Dow had the capability to pull together expertise from around the world to develop the hardware for two mobile water treatment units, bringing ultrafiltration reverse osmosis water treatment to Haiti. Pure Water for the World had people on the ground in Haiti, but equipment was either destroyed or could not be used on a disaster relief basis. Amid challenges stemming from a lack of infrastructure, volunteers from Dow traveled to Port Au Prince to get the systems in place and running. Using two technologies that Dow has developed, each mobile unit takes out bacteria, viruses and salts, and in seconds fills a bottle with clean, life-saving water. Each unit can supply 10,000 people per day with clean drinking water.
Finally, we must appreciate the personal nature of water scarcity. Honduras is the second poorest country in the Western Hemisphere, behind Haiti. Barely half of the population has access to disinfected water, and 80 percent of illnesses in Honduras originate from water. In Choluteca and Trojes, where PWW provides education around how to manage water to ensure the health and well being of the users, understanding of water issues starts with individual community members.
In this part of the developing world, infant mortality rates are 25-50 percent – a horrifying statistic. I had the opportunity to visit Honduras and speak with a young mother of about 16 years, with two children and one more on the way. Do you have water close by? Yes, she said. Are your children sick? Yes, she said again. What she didn’t understand was that her children were consistently getting sick because of that water. At the beginning of the rainy season, detritus flowing from the surrounding land contaminated the water source, a problem solved with bio-sand filters. By educating this young mother and others like her, individuals in the developing world come to understand that they can control illnesses affecting their children through clean water and hygiene practices. As a result, children’s lives are saved.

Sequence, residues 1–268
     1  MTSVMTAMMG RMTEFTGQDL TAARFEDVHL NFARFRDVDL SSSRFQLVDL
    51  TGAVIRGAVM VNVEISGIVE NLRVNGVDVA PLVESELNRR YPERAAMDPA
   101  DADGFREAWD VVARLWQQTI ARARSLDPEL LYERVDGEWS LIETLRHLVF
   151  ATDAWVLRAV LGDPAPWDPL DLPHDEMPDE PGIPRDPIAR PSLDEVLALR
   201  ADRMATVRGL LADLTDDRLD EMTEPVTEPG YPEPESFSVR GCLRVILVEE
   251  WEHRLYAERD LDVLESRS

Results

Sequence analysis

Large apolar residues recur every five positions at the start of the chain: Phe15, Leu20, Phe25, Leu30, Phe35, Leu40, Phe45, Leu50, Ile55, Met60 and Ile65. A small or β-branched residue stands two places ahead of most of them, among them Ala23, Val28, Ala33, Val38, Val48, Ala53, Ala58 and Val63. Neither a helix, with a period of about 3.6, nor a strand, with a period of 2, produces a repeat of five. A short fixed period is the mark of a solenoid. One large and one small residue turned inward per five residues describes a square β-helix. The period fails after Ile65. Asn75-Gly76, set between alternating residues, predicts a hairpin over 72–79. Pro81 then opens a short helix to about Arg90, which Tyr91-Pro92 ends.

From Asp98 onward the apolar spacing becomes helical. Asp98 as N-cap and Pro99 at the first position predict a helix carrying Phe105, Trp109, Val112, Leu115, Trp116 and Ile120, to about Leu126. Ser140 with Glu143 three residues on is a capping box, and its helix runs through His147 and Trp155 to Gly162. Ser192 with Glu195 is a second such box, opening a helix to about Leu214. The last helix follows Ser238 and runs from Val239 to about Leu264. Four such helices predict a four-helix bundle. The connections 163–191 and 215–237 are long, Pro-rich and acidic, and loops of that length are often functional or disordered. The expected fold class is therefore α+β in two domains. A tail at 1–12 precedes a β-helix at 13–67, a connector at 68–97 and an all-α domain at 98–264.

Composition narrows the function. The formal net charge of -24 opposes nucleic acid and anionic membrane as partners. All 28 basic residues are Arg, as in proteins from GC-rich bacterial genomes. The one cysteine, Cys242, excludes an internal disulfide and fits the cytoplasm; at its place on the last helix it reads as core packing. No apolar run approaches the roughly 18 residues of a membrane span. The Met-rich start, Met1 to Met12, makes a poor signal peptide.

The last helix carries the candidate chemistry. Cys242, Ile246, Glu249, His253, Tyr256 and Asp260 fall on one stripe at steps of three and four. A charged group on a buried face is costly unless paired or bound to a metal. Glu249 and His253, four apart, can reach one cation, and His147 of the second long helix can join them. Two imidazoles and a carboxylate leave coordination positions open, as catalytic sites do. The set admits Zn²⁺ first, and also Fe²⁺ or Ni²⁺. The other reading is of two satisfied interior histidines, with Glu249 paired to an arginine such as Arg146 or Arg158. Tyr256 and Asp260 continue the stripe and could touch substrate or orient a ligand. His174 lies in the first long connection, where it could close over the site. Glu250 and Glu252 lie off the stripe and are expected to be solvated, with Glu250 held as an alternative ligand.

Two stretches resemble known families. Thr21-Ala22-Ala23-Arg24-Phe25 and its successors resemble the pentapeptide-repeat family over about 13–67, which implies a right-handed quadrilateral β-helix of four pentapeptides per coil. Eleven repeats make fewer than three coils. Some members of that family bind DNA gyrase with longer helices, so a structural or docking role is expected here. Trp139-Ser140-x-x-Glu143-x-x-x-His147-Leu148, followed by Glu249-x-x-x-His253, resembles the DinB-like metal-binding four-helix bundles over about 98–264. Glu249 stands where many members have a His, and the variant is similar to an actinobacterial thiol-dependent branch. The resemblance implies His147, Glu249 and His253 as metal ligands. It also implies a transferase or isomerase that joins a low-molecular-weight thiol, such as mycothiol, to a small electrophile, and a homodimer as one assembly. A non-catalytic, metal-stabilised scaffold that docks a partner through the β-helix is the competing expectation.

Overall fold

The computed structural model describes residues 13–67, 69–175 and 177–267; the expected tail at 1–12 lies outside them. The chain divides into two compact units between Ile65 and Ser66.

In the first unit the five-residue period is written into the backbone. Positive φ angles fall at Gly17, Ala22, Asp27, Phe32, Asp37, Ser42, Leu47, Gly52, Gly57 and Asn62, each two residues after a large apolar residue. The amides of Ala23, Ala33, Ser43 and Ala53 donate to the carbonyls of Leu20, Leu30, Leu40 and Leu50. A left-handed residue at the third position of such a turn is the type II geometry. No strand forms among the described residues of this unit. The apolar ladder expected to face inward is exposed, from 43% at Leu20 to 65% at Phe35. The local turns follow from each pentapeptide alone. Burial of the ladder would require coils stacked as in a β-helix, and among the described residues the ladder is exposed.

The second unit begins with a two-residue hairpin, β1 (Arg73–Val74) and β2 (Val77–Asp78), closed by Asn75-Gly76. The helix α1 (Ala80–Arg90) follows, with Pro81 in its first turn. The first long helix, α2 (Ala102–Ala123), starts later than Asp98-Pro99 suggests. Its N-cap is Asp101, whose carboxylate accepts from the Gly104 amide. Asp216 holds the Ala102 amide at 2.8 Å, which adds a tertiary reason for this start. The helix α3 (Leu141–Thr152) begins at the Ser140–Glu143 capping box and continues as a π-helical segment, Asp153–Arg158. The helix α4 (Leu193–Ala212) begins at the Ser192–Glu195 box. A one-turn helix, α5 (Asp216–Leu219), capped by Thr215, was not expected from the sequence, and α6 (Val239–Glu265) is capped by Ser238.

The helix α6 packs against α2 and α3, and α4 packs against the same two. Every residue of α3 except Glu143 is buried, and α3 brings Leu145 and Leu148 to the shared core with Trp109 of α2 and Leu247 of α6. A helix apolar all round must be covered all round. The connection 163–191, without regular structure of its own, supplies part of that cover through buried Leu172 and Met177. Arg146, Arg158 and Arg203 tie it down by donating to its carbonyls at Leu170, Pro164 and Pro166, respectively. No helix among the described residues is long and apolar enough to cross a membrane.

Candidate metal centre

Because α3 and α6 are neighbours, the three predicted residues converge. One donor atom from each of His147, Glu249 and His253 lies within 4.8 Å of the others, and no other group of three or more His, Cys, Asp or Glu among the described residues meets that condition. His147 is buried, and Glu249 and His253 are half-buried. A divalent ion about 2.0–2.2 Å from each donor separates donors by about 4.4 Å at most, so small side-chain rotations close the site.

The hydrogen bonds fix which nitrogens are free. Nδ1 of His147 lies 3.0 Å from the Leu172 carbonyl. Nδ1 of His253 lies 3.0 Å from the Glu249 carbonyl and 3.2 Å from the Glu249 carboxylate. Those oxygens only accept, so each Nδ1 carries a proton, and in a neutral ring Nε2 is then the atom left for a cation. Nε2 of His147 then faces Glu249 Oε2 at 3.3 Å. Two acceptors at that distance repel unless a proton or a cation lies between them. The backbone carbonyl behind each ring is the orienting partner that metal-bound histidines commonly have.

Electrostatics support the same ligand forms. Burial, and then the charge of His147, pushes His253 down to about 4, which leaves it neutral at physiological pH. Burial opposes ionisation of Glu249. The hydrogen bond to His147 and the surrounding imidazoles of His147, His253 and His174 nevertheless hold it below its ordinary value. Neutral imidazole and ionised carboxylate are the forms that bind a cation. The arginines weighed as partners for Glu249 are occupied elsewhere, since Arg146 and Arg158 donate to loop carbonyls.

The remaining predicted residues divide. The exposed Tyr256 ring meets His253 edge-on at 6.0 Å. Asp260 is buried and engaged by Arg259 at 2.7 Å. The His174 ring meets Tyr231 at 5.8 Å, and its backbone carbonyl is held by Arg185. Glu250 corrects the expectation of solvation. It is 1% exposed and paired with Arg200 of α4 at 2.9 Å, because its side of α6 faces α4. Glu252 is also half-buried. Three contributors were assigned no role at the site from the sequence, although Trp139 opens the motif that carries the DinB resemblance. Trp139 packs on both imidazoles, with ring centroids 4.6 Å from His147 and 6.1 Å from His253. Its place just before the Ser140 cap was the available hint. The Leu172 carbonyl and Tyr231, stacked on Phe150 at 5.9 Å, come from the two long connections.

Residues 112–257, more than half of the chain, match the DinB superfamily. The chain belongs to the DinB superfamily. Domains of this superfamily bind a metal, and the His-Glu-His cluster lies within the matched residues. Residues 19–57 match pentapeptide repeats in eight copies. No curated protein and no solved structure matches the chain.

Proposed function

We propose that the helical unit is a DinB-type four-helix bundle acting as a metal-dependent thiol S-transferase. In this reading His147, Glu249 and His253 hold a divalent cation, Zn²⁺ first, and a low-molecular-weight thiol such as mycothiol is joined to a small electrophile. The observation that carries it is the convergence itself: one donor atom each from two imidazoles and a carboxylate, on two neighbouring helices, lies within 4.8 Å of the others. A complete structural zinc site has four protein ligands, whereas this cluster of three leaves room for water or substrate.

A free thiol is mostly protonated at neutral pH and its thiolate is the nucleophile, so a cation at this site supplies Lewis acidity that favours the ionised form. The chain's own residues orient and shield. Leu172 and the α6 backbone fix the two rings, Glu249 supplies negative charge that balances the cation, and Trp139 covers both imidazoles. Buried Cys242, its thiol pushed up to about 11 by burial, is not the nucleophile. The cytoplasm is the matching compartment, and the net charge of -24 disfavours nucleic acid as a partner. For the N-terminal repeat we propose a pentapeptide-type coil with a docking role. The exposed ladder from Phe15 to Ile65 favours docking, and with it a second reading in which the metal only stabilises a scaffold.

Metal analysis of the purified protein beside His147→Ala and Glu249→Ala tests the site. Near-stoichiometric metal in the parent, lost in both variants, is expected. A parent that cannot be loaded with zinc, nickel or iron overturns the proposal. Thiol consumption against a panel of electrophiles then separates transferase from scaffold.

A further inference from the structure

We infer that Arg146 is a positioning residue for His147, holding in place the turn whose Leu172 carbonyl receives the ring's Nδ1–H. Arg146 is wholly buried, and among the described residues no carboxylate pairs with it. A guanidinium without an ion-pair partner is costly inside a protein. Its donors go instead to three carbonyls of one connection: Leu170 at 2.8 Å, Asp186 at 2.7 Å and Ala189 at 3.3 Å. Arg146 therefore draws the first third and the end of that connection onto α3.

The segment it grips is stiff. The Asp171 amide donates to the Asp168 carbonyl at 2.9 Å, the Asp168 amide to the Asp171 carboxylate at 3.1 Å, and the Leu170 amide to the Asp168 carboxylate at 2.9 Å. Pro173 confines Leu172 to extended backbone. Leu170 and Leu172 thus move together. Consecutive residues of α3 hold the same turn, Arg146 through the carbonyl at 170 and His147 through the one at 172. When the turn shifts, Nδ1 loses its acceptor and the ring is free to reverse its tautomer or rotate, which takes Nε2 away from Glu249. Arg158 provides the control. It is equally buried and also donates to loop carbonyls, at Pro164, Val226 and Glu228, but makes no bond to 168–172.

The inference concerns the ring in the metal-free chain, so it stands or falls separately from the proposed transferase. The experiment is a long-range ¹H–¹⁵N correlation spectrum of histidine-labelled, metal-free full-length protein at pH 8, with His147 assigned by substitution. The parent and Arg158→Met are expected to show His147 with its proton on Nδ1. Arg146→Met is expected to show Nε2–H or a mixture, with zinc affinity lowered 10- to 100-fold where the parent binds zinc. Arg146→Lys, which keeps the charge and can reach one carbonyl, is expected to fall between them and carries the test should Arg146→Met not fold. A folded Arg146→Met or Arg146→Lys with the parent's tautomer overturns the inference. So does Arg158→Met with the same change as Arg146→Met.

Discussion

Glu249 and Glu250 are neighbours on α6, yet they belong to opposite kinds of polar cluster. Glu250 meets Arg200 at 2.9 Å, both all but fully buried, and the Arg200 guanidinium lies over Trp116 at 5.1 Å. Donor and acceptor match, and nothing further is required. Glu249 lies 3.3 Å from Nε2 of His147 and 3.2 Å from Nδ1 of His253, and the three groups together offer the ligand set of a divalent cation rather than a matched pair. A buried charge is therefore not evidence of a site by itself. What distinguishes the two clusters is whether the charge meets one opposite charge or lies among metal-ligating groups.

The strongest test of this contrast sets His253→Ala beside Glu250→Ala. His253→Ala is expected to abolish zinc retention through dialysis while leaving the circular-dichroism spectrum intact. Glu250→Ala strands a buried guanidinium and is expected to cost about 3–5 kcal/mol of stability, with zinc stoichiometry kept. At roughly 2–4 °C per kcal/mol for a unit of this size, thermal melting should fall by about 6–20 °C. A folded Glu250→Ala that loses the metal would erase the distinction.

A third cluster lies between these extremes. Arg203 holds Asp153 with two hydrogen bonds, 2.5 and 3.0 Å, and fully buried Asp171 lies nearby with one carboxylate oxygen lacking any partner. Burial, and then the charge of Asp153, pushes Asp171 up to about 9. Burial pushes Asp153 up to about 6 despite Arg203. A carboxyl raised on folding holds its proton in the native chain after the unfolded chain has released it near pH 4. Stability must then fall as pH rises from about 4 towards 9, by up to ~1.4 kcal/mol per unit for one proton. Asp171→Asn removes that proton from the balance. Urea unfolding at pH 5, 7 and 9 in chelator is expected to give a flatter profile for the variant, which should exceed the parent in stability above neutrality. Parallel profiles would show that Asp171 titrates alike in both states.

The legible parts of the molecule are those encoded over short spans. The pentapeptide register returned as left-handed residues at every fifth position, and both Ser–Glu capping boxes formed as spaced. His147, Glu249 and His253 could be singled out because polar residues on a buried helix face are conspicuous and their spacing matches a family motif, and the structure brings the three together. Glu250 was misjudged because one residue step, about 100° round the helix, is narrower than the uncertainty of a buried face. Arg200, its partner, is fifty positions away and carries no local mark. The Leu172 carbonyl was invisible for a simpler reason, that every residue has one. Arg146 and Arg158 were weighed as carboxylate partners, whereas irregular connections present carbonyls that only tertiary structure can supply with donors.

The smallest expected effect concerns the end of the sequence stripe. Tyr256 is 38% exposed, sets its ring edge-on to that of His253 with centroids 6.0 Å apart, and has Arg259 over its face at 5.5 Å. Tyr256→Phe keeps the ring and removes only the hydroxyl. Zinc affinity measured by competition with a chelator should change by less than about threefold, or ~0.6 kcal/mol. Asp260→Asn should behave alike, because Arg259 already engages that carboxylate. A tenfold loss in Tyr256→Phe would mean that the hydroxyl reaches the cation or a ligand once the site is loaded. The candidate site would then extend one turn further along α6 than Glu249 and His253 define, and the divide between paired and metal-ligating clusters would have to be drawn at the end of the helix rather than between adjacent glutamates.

Clean water requires the collaboration of many to save one life, one family and one community. Companies and technology play a major role in increasing access to water through infrastructure, purification technologies, and supporting education and training. The exciting thing is that the resources exist, as does hope and the willingness to take action.
Ultimately, it takes partnerships to solve these global challenges. Both Dow and PWW are working with organizations around the world. Cooperation allows each organization to leverage their strengths and bring their best to the table. Together, we can, we are, and we will continue to make a difference in the global water crisis.